If it were up to me, we would not begin presidential campaigns until about six weeks before election day.
But since it doesn’t work that way here and the U.S. has been in full campaign mode since the morning after the 2006 mid-term election, wouldn’t you think by now that anyone who has thrown his hat into the presidential ring would have a plan to address the number one domestic issue in the land?
Of the 115 announced candidates (yes, that’s correct) for U.S. president only two, John Edwards and Barack Obama, have proposed healthcare plans.
You may think Hillary Clinton has a plan and you would be right to expect her to have one by now given her past experience and penchant for dropping the reference at every speech. But all she has done is release a tepid proposal to reduce healthcare costs without any mention of how to cover the 47 million uninsured in the U.S.
Neither Edwards’s and Obama’s healthcare plans call for universal coverage - single-payer systems. Both would allow people to choose between private insurance and Medicare-type plans to be offered by the government. Plus, Obama would not allow private insurers to deny coverage or charge higher premiums based on health history.
But unlike Edwards’s plan, Obama’s does not mandate coverage for adults which would leave the cost of care for the uninsured to be borne by others – you and me.
Both plans are more complex than expressed here, but complexity does not equal boldness. They both try to take credit for inching toward a single-payer system by allowing us to assume that since government health programs have a lower overhead, private plans would be forced to cut costs to compete thereby making the healthcare system more cost-efficient. But cut costs how, is the unanswered question.
In the end, both men lack courage to break the stranglehold the corporatocracy has on healthcare in the U.S. by openly endorsing a switch to universal coverage as soon as it can be implemented.
What these two men tell us about themselves in their half-baked, half-private plans is that they are timid, too much politics-as-usual kind of people to fix America’s broken healthcare system. Two men who, as senator and former senator, have no stake in fixing healthcare for the rest of us because both have the best health coverage in the country guaranteed for life by the federal government.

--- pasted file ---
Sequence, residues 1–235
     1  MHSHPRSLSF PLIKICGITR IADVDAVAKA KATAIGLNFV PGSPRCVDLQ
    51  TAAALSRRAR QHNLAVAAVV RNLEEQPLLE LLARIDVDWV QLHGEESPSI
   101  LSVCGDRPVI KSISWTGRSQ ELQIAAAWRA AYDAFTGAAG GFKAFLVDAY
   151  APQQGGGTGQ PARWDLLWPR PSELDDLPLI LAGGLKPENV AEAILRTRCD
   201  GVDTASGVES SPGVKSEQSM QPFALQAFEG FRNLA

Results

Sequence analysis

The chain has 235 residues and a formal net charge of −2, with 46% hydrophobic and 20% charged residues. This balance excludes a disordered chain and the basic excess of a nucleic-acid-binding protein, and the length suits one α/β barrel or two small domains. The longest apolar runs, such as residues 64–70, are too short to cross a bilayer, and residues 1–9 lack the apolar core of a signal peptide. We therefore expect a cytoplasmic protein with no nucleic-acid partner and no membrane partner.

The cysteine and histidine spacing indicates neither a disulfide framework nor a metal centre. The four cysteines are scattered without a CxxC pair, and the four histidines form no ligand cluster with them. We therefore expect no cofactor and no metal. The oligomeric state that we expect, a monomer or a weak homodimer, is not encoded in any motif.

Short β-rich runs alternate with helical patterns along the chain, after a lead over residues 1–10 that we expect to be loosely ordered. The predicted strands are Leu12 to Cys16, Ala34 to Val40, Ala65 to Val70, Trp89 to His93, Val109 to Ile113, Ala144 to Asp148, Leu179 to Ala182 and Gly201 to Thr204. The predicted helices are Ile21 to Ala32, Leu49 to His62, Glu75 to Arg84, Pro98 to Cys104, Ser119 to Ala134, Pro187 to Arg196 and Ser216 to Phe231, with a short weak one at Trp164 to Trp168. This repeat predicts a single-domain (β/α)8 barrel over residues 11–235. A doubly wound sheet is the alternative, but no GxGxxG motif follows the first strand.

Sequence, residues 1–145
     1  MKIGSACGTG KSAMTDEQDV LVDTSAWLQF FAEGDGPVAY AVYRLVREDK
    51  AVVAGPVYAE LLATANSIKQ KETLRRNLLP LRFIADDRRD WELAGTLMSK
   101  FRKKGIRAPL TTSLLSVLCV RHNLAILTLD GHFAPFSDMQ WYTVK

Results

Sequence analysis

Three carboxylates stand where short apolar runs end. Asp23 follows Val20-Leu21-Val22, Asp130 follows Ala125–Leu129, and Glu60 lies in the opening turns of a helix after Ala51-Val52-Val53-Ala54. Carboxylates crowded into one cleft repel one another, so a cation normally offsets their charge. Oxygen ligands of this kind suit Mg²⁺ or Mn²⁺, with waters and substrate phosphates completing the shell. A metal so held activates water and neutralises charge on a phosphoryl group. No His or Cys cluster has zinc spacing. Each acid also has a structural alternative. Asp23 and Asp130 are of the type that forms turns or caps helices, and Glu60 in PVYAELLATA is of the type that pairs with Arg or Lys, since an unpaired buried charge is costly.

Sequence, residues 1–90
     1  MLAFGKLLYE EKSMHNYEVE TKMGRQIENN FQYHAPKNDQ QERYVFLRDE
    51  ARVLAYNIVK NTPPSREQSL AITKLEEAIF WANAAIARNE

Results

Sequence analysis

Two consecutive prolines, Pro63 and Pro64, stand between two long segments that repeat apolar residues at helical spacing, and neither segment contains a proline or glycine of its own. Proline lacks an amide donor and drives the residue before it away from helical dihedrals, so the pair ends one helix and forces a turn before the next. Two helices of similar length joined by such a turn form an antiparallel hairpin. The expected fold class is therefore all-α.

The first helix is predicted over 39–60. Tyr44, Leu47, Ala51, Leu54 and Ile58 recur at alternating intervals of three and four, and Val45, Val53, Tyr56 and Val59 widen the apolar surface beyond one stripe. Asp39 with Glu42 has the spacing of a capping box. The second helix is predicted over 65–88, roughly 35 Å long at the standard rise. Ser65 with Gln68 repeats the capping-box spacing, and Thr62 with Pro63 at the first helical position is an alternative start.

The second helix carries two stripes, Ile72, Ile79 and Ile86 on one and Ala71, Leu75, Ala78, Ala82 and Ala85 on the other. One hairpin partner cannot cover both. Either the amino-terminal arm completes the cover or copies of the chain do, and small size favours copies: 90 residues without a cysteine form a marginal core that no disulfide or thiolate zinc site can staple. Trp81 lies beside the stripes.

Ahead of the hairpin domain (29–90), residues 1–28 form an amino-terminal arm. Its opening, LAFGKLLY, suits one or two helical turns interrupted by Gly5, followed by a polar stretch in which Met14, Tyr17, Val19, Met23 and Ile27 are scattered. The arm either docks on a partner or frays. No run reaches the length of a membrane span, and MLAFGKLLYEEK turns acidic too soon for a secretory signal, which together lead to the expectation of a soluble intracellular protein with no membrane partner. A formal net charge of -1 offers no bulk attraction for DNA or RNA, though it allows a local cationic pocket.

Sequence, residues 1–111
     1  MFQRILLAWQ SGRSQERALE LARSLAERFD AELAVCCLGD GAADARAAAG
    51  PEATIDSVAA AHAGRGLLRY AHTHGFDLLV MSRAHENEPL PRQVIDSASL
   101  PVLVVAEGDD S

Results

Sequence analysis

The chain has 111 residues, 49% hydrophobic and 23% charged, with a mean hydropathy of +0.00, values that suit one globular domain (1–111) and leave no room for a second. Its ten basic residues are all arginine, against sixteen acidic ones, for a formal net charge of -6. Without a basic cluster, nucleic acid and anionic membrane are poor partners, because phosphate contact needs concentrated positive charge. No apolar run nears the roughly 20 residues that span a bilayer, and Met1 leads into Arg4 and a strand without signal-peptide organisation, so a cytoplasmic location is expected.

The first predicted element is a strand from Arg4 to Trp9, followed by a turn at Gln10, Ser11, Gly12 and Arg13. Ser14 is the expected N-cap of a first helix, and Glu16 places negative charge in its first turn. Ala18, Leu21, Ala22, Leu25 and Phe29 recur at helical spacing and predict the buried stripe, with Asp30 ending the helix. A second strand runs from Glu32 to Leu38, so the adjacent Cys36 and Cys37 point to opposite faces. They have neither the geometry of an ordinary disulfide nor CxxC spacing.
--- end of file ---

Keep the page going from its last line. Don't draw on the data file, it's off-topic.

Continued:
Because people 65 and older have Medicare, which works pretty well, perhaps some elders haven’t noticed that American healthcare is in crisis. One-sixth of all Americans are without health coverage. Millions of children go without basic checkups and dental care. Every day, people die because hospitals can’t afford to treat them.
For decades, we have believed U.S. healthcare is the best in the world; the truth is that by every standard benchmark, it is one of the worst in the industrialized world.
Writing last Sunday in the Washington Post, columnist David Broder suggested that prevention along with better management of chronic illness and disease is the answer to improving Americans' health and reducing healthcare costs in the U.S. That would help, but it is not, as he implies, a substitute for universal coverage.
What we need, to stare down the people who don’t want health coverage for everyone (corporations), is a man or woman running for president who has old-fashioned, true-blue, American courage.
And it will take extraordinary courage because any politician who promises to push through universal coverage will get no campaign contributions from the billion-dollar pharmaceutical industry, and there will be plenty of vicious “swiftboat” attacks from the pharmas and the rest of the healthcare industry.
Is there any politician out there, do you think, with that kind of courage? And who has a prayer of being elected?
[At The Elder Storytelling Place today, Joy Des Jardins writes of the trials and tribulations of Decorating with Dave.]